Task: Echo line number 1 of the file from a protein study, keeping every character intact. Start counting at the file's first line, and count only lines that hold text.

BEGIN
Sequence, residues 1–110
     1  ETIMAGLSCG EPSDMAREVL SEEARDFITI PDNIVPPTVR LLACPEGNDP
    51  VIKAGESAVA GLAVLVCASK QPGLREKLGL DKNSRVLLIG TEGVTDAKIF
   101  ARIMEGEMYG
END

Sequence, residues 1–110